Global Lynching and Collective Violence
About the BookOften considered peculiarly American, lynching in fact takes place around the world. In the first book of a two-volume study, Michael J. Pfeifer collects essays that look at lynching and related forms of collective violence in Africa, Asia, and the Middle East.
Understanding lynching as a transnational phenomenon rooted in political and cultural flux, the writers probe important issues from Indonesia--where a long history of public violence now twines with the Internet--to South Africa, with its history of vigilante necklacing. Other scholars examine lynching in medieval Nepal, the epidemic of summary executions in late Qing-era China, state-sponsored collective violence during the Nanking Massacre, and the ways public anger and lynching in India relate to identity, autonomy, and territory.
Contributors: Laurens Bakker, Shaiel Ben-Ephraim, Nandana Dutta, Weiting Guo, Or Honig, Frank Jacob, Michael J. Pfeifer, Yogesh Raj, and Nicholas Rush Smith.
About the AuthorMichael J. Pfeifer is professor of history at John Jay College of Criminal Justice and the CUNY Graduate Center. He is the author of Rough Justice: Lynching and American Society, 1874-1947 and The Roots of Rough Justice, and editor of Lynching beyond Dixie: American Mob Violence outside the South.
Also by this author
Reviews"Global Lynching and Collective Violence is an excellent introduction to the emerging scholars and scholarship in the field of extralegal violence."--Criminal Law and Criminal Justice Book Reviews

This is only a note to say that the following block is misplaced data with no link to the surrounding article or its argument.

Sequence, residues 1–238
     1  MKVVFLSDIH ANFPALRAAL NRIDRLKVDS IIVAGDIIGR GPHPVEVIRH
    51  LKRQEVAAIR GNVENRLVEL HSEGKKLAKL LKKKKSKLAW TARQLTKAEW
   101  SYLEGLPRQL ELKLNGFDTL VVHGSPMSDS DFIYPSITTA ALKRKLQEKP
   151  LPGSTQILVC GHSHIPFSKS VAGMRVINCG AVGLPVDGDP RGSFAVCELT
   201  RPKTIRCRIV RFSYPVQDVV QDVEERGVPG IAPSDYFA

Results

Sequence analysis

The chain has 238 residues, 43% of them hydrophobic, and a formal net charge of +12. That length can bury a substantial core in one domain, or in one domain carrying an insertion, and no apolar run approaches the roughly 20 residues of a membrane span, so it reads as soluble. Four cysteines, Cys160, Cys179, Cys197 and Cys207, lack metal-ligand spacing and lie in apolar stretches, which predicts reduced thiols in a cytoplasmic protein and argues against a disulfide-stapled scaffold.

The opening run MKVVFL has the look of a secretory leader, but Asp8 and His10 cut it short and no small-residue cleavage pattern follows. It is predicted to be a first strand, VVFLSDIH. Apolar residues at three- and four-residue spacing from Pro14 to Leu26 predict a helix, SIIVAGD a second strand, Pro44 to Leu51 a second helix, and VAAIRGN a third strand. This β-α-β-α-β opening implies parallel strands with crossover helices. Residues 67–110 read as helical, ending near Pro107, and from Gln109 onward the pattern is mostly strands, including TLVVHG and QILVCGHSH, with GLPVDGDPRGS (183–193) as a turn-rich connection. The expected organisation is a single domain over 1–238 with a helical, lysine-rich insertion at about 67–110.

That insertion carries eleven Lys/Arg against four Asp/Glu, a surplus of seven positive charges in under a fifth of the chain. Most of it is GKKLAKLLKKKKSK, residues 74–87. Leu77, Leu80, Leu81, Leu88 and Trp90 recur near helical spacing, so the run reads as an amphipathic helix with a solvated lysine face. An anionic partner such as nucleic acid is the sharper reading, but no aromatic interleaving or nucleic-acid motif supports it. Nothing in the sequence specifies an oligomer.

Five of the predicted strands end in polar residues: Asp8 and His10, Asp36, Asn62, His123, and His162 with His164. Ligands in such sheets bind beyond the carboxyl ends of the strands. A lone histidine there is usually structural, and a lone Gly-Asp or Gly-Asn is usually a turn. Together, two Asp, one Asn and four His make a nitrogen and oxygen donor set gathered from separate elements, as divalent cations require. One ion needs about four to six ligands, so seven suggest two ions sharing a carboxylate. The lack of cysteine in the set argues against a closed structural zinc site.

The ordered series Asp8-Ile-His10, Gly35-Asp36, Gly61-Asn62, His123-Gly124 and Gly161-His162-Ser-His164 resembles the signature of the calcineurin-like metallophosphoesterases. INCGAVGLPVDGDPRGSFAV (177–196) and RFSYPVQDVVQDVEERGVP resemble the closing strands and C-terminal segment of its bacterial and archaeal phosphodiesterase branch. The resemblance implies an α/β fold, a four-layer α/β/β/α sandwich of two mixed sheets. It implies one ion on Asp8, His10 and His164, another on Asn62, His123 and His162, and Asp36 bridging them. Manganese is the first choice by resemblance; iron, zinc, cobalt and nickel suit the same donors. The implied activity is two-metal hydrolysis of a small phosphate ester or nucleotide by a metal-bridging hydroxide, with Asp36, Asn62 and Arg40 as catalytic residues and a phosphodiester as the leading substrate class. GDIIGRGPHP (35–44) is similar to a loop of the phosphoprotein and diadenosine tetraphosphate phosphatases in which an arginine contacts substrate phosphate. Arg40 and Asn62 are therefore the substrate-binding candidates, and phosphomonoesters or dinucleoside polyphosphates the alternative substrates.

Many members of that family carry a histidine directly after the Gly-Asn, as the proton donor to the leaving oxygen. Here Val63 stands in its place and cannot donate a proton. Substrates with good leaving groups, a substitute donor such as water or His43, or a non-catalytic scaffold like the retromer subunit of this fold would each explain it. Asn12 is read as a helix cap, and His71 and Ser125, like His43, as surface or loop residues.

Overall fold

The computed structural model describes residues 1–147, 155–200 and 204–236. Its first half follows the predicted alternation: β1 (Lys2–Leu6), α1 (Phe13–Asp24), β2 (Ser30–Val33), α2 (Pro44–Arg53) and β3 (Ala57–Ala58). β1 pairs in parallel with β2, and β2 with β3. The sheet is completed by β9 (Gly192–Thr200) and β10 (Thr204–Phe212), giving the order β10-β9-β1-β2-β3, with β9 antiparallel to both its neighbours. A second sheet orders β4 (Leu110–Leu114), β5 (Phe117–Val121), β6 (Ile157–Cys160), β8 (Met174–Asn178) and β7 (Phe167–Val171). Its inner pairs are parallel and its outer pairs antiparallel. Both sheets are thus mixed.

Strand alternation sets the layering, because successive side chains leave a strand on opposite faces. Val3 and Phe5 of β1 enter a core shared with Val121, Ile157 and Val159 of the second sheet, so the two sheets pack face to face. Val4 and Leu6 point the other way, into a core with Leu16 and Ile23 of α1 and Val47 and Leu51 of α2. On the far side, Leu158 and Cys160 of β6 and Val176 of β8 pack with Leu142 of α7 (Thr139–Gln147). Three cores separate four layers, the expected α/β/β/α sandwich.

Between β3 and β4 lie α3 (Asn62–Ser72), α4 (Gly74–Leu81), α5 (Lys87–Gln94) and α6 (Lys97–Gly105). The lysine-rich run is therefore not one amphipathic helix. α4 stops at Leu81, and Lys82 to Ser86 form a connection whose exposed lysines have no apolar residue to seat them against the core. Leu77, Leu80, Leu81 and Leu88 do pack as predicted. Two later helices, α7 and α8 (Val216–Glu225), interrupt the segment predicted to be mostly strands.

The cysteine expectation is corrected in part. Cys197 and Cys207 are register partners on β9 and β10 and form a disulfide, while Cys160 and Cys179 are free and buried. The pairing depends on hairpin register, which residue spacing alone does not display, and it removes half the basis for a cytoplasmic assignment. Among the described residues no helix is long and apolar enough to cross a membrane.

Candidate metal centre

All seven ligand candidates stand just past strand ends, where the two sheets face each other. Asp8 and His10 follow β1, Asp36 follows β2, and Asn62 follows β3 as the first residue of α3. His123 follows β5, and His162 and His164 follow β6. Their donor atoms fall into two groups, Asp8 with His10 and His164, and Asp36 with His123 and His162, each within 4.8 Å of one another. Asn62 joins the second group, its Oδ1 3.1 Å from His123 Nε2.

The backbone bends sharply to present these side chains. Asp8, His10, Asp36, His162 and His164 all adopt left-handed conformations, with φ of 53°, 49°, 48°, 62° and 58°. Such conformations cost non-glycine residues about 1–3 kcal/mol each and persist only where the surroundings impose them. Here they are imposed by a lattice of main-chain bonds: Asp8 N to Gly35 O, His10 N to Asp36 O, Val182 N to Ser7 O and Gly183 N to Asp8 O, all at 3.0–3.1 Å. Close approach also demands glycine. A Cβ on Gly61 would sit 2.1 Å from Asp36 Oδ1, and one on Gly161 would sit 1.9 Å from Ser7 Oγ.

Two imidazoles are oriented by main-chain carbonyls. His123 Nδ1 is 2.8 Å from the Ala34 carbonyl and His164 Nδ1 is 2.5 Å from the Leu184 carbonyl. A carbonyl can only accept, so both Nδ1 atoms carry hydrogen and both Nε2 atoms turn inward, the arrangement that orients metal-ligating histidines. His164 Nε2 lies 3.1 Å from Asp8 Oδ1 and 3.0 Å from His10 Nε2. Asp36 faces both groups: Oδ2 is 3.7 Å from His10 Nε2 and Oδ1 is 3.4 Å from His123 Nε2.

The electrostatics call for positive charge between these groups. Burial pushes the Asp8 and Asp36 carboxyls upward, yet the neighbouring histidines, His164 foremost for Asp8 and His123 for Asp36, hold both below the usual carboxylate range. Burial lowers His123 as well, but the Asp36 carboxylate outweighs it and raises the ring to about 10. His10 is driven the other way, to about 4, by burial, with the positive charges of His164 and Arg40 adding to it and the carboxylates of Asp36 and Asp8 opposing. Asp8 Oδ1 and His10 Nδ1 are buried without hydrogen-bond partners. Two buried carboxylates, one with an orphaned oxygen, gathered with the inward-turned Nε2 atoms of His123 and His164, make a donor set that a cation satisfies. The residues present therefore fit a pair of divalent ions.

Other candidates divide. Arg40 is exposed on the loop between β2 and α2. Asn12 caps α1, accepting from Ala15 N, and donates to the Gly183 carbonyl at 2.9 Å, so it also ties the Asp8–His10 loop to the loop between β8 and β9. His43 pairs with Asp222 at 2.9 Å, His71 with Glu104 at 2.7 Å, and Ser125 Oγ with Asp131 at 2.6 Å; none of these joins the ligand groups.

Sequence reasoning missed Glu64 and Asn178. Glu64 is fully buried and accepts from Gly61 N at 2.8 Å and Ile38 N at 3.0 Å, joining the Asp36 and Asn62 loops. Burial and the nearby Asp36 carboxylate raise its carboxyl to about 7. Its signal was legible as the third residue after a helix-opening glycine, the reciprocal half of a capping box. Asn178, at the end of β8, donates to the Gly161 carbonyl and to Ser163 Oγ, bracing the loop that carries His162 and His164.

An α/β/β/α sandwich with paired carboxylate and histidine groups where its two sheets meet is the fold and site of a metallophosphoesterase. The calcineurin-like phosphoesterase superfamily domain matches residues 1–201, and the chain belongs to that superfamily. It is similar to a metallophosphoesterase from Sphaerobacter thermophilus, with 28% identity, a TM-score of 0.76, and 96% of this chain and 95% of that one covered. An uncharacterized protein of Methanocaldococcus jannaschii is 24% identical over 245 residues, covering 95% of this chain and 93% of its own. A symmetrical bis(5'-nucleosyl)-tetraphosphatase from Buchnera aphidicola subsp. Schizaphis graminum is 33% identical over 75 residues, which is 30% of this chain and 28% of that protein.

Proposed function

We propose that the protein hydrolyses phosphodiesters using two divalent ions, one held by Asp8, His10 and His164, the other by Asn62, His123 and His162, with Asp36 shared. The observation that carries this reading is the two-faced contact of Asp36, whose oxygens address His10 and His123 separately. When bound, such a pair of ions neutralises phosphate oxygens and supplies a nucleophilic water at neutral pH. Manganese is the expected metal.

"This collection makes a significant contribution to the global study of lynching, mob violence, and vigilantism. The book provides historical depth, theoretical perspective and covers a wide chronological and geographical range. It will be of great benefit to all students of collective violence."--Manfred Berg, author of Popular Justice: A History of Lynching in America
"Michael Pfeifer's collection of essays on extralegal violence in Africa, Asia, and the Middle East is an important contribution to our understanding of lynching. The essays cover an impressive geographic range and a multitude of time periods. Readers with an interest in the often violent history of state formation as well as the past and present politics of identity, ethnicity, class, and gender will find this volume very rewarding."--William D. Carrigan, author of The Making of a Lynching Culture: Violence and Vigilantism in Central Texas, 1836–1916